Stumps Zimbabwe 133 for 5 (Williams 54*, Hamza 4-61) lead Afghanistan 131 (Zazai 37, Muzarabani 4-48) by two runs

Fifteen wickets fell on an eventful first day in Abu Dhabi, where Zimbabwe edged their noses in front in the first Test against Afghanistan. Their seamers shared eight wickets between them to dismiss Afghanistan for their fourth-lowest Test total, before a 71-run fifth-wicket stand between Sean Williams and Sikandar Raza steadied Zimbabwe from 38 for 4. But by the time the day ended, Williams' fourth Test half-century had put them in the lead.

On a green-tinged pitch that assisted the quicks early on but started to turn later in the day, batting is expected to only become more difficult so any lead Zimbabwe can get is likely to be valuable. And they may be able to build one against a depleted Afghanistan attack. Their only seamer Yamin Ahmadzai left the field with what looked like an ankle injury during his tenth over, which was the 31st over in the Zimbabwe innings.

Ahmadzai did not get the benefit of morning conditions, where there was movement through the air and off the seam and extra bounce for the tall Blessing Muzarabani, whose strikes bookended a disappointing effort from the Afghanistan line-up. Six of their batsmen were caught behind the wicket and their innings was littered with loose strokes pointing to deficiencies in defence and temperament, or at least a lack of match practice in the longest format.

Though they avoided sinking to their lowest Test score of 103, their final total will hardly be any consolation, especially knowing that their two wins in this format - against Bangladesh and against Ireland - have come when they totalled over 300 in the first innings. Theirs is also the lowest total by an opposition against Zimbabwe since West Indies' 128 in Bulawayo in 2003.

Muzarabani, playing in his first Test since the day-night game against South Africa in 2017, became the first Zimbabwe bowler to take a wicket with the first ball of a Test when he bowled debutant Abdul Malik with a ball that moved into him and took the inside edge on to the stumps. Malik's was the 33rd instance of a batsman being dismissed off the first ball of a Test.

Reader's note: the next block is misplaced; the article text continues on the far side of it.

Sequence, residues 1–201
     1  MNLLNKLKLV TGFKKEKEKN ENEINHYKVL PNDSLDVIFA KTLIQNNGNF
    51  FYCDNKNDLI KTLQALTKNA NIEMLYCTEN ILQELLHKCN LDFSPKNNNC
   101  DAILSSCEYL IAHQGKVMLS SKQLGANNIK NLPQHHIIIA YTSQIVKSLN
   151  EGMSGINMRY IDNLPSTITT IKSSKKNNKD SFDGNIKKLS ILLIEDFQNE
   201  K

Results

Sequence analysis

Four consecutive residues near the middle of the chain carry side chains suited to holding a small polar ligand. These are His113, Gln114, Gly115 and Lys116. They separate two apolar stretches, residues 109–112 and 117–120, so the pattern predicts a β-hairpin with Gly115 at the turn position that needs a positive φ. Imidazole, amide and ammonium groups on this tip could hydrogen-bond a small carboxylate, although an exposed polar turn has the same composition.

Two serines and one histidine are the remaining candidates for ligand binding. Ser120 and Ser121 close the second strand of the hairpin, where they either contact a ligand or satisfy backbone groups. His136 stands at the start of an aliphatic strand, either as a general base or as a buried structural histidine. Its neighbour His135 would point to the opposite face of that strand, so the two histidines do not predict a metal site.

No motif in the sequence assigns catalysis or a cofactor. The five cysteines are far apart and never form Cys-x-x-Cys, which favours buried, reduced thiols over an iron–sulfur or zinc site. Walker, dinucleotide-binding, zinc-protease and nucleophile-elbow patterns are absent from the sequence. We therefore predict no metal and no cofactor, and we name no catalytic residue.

His wicket brought Afghanistan's only Test centurion to date, Rahmat Shah, to the crease, who reached 300 runs in the format with a straight drive down the ground, but lasted just five more balls before Muzarabani got one to move away slightly, with a fine outside edge carrying to Regis Chakabva.

Muzarabani's early burst was well-supported by his new-ball partner Victor Nyauchi, who ensured the third-wicket stand did not grow beyond 29, which turned out to be the highest of the Afghanistan innings. He had Munir Ahmad caught at slip reaching for a wide delivery. Ibrahim Zadran, who was Afghanistan's best batsman in the opening session and was strong on the square drive, went the same way three overs later when he attempted a drive off a Nyauchi ball that moved away to be caught in the gully. Nyauchi had further success before lunch when he bowled Hashmatullah Shahidi with an inswinging yorker that snuck through the bat-pad gap, sending Afghanistan into the lunch break on 85 for 5.

Muzarabani followed up his eight-over morning spell by returning immediately after the interval and struck in his second over. Asghar Afghan fished at a full ball outside off and got an outside edge to give Chakabva a simple catch. Top-scorer Afsar Zazai played some eye-catching shots - including the leg glance and the cut - to take Afghanistan over a hundred, but eventually edged Donald Tiripano to Chakabva while defending inside the line.

Zimbabwe only found use for spin in tandem in the 41st over when Raza joined Williams in the attack. Raza also found extra bounce and had Abdul Wasi caught at short leg as it took the shoulder of the bat when he tried to defend. In the next over, Ahmadzai holed out off Williams to mid-on, and the captain then took himself out of the attack so Muzarabani could finish off. Zahir Khan was caught at third slip to give Muzarabani his first four-wicket haul.

The total of 131 might leave Afghanistan ruing their inability to leave the ball as much as they should have or to spend time at the crease as their innings lasted just 47 overs.

In response, Zimbabwe found themselves in early trouble when Kevin Kasuza was bowled off the fourth ball, which was an inswinging yorker from Ahmadzai. Then Tarisai Musakanda and Prince Masvaure both played for turn, but were out lbw to deliveries that went on with the arm from Amir Hamza. Masvaure faced 49 balls for his 15 runs and showed the kind of application many of the batsmen before him lacked.

But he was followed to the crease - and the change room - by debutant Wesley Madhevere who was dismissed off the next ball, closing the face of his bat to a Hamza delivery that skidded on to the front pad. Without DRS, it was not possible to tell if the impact was outside the line, and Madhevere's maiden Test innings ended up being a first-ball duck.

With the ball turning and Hamza posing problems, Afghanistan may have seen the opportunity to run through Zimbabwe, but the experience of Williams and Raza kept them at bay. Williams' back-foot play and Raza's ease on the sweep were on display and though there were some nervous moments in their knock, both could have gone on to half-centuries. Raza began to chance his luck when he pulled Wasi to a vacant midwicket area and in the next over, sliced Hamza to deep point. Williams was more cautious, and with Ryan Burl, saw Zimbabwe through the final 20 minutes of play,

Firdose Moonda is ESPNcricinfo's South Africa correspondent